Subscribe to get tough, fair journalism seven days a week.
Subscribe today

Rotary exchange student lives dream

Of the Keizertimes

From his home in Austria, Emil Salmhofer dreamed of living in the United States.

So when he arrived as a Keizer Rotary Club Exchange Student last August, Salmhofer made sure to see as much as possible, visiting Portland, Crater Lake, the Oregon Coast, Seattle, Los Angeles, San Francisco and Phoenix.

“I’m really glad that I could travel this much during my year here and pretty much saw most of the major cities at the west coast,” Salmhofer said. “It’s just something I dream of back in Austria. Everything here seems so far away but I’m really here and I’m going through all these cities and living this life. It’s so awesome.”

Salmhofer, age 16, is from Salzburg, Austria, a city of more than 150,000 people, best known in America as the setting for the musical and film The Sound of Music.

“It’s really pretty. There’s a river (Salzach) floating through downtown Salzburg and there’s a castle (Hohensalzburg Fortress) and lots of tourists from mostly Asian countries but some American tourists too. It’s just a beautiful city and I love living there but I really enjoyed my year here, too.”

Salmhofer, who speaks three languages, began learning English in the fifth grade.

His father introduced him to American bands like AC/DC. Now he listens to more R&B and rap.

“I always had this interest in learning English,” Salmhofer said. “I feel like my English improved a lot during my year here.”

Salmhofer felt lucky to be placed in Oregon and Keizer.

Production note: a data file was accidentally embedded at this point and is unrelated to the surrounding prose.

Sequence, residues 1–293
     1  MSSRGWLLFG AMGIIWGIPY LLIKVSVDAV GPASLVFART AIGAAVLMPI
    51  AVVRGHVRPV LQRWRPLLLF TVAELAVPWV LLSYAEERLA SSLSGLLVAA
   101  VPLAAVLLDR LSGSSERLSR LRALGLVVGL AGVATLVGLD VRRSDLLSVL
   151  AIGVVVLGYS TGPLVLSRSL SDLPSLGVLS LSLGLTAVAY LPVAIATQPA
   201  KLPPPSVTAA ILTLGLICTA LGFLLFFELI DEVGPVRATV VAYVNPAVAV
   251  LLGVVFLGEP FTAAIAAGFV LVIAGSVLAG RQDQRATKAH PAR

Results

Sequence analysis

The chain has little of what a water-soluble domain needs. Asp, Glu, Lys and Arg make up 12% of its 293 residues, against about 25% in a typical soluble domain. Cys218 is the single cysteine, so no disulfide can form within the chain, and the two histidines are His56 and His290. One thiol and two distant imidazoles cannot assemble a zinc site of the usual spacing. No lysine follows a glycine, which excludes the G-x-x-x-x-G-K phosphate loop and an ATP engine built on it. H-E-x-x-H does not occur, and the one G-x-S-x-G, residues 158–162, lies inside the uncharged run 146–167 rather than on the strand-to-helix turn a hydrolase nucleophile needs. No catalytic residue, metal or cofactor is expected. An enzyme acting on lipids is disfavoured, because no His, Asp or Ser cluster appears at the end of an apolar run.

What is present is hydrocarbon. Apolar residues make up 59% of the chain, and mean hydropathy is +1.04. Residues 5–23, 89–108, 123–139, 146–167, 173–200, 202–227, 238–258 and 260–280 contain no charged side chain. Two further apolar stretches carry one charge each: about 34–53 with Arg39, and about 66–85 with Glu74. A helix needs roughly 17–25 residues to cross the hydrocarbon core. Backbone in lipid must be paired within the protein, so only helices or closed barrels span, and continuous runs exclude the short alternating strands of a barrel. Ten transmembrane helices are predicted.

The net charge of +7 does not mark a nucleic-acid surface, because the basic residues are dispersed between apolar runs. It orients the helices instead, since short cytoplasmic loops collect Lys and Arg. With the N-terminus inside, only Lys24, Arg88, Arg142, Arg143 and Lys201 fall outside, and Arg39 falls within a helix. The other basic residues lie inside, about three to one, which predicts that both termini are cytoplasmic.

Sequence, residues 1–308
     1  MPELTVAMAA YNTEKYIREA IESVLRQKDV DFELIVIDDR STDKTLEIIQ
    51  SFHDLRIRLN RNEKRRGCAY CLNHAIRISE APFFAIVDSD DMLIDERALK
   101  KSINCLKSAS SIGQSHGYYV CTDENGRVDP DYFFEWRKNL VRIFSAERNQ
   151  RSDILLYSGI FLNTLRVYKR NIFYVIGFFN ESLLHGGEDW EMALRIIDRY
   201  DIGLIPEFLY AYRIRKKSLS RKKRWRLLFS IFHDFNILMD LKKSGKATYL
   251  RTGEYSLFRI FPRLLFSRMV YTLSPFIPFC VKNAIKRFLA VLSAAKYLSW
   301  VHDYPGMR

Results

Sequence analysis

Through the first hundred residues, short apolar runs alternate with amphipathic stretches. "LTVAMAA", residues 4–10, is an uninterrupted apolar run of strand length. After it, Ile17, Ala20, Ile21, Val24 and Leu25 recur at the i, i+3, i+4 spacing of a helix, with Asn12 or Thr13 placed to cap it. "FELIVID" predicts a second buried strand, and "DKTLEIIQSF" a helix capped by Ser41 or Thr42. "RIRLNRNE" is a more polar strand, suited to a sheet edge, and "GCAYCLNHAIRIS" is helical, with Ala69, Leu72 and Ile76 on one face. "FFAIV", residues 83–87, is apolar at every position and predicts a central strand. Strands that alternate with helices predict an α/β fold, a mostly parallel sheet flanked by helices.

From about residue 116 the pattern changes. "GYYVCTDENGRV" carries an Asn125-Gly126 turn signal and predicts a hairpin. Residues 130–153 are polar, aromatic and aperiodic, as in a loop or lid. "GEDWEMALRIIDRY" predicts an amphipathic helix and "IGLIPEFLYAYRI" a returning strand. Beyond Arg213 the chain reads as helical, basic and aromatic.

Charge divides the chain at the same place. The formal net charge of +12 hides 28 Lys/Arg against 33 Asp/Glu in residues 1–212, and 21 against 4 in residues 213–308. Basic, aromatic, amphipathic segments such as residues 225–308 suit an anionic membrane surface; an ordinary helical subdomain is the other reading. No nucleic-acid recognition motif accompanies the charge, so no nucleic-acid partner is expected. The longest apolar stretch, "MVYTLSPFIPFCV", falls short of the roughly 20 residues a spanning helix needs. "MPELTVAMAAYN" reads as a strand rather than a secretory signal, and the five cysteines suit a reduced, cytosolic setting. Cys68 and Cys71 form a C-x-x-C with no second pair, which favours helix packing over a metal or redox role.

“I’m just super glad that I got to go to McNary,” Salmhofer said.

“It’s a really good school and I made a lot of friends. It’s going to be sad once I really leave.”

Salmhofer immediately got involved at McNary, joining the soccer team.

Salmhofer began playing soccer when he was 4 but quit two years ago to focus on school.

“Coach (Miguel) Camarena treated me super nice and I really appreciate him being my coach,” Salmhofer said. “I had lots of fun with the soccer team and I made lots of friends there, too. It was just so much fun and I wish I could play one more season. I’ll probably play soccer when I return to Austria because I just re-discovered my love for soccer.”

In the winter, Salmhofer enjoyed cheering on the basketball team.

“I pretty much went to every game,” Salmhofer said. “They were so entertaining for me and it was so cool to see us win the GVC in basketball. That was probably one of the highlights of my exchange.”

In the spring, Salmhofer tried a sport he’d never played before, tennis, and even won his first match with doubles partner Brayden Lyda.

To be with kids his own age, Salmhofer took junior classes like algebra and chemistry as well as electives like weights.

“I enjoyed working out in school,” Salmhofer said. “That’s something that we don’t have in Europe.

“Everyone’s talking down the American education system but I don’t feel like it’s bad. I liked that you mix sport and school together. That’s really nice. I wish we would so something like that in Europe. I feel like most people are pretty smart here, too.”

Salmhofer was also able to participate in McNary’s graduation ceremony, even though he’ll have three years of high school remaining when he returns to Austria.

“That was so cool that I got to have the experience of graduating even though I didn’t really get a diploma,” Salmhofer said. “I’m glad I got to do that because I feel like that’s something that I won’t forget my entire life.”

For Rotary, Salmhofer attended meetings each Thursday and participated in community service projects—planting trees at Keizer Rapids Park and cleaning up at City Hall.

“In the beginning it’s not that hard,” Salmhofer said of being an exchange student.

“The first few months go by easy and then around Christmas time, you slowly start realizing how far you really are away from your parents. You’re not alone but you’ve known most people for not more than two or three months. I’m glad I had friends who helped me through darker times of my exchange even though they weren’t really dark. They helped me when I missed my family or my dog.”

Salmhofer returned to Austria on July 1.